Blaney, Heinold face off for commissioner seat

2012-10-14T00:00:00Z 2012-10-14T23:45:04Z Blaney, Heinold face off for commissioner seatBob Kasarda bob.kasarda@nwi.com, (219) 548-4345 nwitimes.com
October 14, 2012 12:00 am  • 

VALPARAISO | The race for south district county commissioner pits Democratic County Councilwoman Laura Blaney against Republican Mike Heinold, a political newcomer and son of former state Sen. Vic Heinold.

Both candidates placed economic development and job creation among their top priorities if elected to replace outgoing Democratic South District Commissioner Carole Knoblock.

Blaney, 44, of Porter Township, said as commissioner she would work to make the county more user-friendly for businesses eying the area by establishing an easier way for them to gather the information they need. This likely could be done with existing resources within the planning department and/or commissioners office.

"Just to make the process as streamlined as possible," she said.

Blaney is familiar with the needs of businesses as former owner of Kelsey's Steak House and Stay Clean Carpet Cleaning, and current owner of One Guy With Tools.

Heinold, 45, of Morgan Township, said as commissioner he would work to enact and facilitate the concept of synergy when it comes to economic development by encouraging a unified vision of the county with the various county and municipal officials working more closely with one another.

This synergy is part of his three-prong approach to the job that also calls for serving residents from all parts of the county and honoring the office's fiduciary responsibilities.

"We are stewards of people's money," he said. "I don't take that lightly."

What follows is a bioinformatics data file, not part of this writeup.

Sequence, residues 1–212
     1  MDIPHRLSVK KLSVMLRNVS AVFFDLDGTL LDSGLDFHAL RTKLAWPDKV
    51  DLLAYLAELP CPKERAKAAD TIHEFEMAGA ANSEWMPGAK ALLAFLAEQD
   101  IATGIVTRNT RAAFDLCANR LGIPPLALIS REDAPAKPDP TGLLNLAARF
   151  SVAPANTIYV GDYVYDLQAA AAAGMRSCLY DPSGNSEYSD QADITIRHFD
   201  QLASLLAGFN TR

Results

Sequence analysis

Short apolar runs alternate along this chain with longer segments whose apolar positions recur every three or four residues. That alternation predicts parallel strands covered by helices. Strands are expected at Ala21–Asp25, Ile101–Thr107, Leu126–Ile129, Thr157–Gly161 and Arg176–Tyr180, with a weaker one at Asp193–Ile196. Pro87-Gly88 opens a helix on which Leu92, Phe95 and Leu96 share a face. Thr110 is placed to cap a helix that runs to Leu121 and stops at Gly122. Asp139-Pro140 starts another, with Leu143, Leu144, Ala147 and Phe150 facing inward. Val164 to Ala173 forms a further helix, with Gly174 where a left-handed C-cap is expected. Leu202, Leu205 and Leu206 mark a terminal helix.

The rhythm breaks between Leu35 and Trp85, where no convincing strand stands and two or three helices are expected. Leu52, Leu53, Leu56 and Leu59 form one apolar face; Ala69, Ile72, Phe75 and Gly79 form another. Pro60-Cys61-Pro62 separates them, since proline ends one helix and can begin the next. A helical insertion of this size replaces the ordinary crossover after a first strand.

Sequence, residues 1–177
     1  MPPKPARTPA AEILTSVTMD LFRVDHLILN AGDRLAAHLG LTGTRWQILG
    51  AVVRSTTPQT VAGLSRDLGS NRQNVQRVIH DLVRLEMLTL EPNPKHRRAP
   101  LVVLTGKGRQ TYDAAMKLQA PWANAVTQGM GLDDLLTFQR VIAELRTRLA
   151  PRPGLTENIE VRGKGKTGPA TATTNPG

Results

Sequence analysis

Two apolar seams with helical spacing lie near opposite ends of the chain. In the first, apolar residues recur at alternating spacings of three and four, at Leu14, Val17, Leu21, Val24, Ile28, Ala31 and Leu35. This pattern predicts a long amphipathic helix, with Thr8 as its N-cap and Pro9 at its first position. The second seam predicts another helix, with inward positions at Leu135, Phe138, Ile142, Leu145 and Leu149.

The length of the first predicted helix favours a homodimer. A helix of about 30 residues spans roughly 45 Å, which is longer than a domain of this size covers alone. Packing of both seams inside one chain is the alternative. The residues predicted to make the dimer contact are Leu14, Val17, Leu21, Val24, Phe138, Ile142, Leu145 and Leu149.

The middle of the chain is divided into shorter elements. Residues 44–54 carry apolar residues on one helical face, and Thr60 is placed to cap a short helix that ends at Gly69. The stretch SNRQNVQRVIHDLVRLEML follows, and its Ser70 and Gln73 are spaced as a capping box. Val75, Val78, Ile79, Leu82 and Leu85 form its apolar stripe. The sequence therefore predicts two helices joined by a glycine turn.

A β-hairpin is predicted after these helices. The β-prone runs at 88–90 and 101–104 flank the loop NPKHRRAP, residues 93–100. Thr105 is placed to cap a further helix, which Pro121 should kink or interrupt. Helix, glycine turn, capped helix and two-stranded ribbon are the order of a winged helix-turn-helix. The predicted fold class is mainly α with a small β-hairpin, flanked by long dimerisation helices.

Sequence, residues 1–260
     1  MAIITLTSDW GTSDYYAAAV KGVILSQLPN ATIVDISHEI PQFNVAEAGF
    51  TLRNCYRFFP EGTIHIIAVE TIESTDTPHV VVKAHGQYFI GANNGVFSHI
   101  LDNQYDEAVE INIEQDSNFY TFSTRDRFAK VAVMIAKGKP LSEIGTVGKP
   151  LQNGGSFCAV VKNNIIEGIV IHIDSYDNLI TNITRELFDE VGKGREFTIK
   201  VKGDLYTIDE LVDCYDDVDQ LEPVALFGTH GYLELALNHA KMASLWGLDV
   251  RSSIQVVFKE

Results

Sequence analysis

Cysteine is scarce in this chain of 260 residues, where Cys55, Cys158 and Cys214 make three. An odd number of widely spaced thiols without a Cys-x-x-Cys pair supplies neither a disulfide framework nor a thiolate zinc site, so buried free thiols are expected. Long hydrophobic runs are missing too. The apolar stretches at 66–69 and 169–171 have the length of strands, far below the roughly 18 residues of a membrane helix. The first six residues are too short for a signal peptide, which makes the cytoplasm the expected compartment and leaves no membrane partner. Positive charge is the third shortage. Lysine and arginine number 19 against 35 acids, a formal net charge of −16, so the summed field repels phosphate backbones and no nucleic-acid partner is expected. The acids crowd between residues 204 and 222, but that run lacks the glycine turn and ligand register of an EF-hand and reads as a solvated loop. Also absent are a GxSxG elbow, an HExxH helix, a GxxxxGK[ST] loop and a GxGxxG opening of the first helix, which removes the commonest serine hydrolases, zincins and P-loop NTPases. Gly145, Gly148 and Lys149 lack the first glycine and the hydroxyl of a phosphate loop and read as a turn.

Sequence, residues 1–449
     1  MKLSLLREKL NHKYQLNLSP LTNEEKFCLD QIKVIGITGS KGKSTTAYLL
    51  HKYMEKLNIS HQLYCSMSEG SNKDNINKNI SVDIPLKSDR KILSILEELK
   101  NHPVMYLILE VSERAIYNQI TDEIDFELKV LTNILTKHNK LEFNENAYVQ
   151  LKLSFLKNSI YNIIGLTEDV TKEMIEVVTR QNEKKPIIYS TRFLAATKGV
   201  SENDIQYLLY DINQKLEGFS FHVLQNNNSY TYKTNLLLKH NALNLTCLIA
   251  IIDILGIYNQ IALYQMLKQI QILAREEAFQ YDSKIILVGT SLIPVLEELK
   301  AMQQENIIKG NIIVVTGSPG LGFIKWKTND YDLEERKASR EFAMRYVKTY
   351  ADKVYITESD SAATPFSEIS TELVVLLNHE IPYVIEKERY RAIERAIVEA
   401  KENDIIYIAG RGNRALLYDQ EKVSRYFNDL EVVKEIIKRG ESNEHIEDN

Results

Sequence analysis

Heinold works as director of sales at the FranklinCovey business consulting firm and is co-owner the Iddea Group information technology company. He believes his business, leadership and fiscal background make up for his lack of government experience.

The financial responsibilities of the commissioners include helping to decide on the fate of the $160 million in proceeds from the sale of the county hospital, along with the interest, which totaled $11.8 million at the end of July.

Both candidates said they would like to preserve the principal, but were open to considering tapping into the interest if the right projects come along. While they both said they want to see the interest money focused on economic development projects, Blaney added quality of life and technology spending; Heinold mentioned the potential for tax relief.

Blaney and the other council members took some heat last year when they ended weeks of work on the county's 2012 budget by simply flat-lining all the numbers to 2011 levels, forcing the need for followup work this year. Blaney placed some of the blame on all the new department heads and said she was not in a leadership role on the council.

The commissioners serve an executive role for the county, while the council is charged with fiscal matters. Both candidates said they will be able to transcend the current communication problems between the commissioners and council.

Blaney said she would maintain the balance on the board of commissioners as a Democrat among two Republicans. Heinold said he is focused on his quality of vision rather than his political party.

The commissioner post pays $35,411 ($39,491 for president) a year and access to county health insurance.

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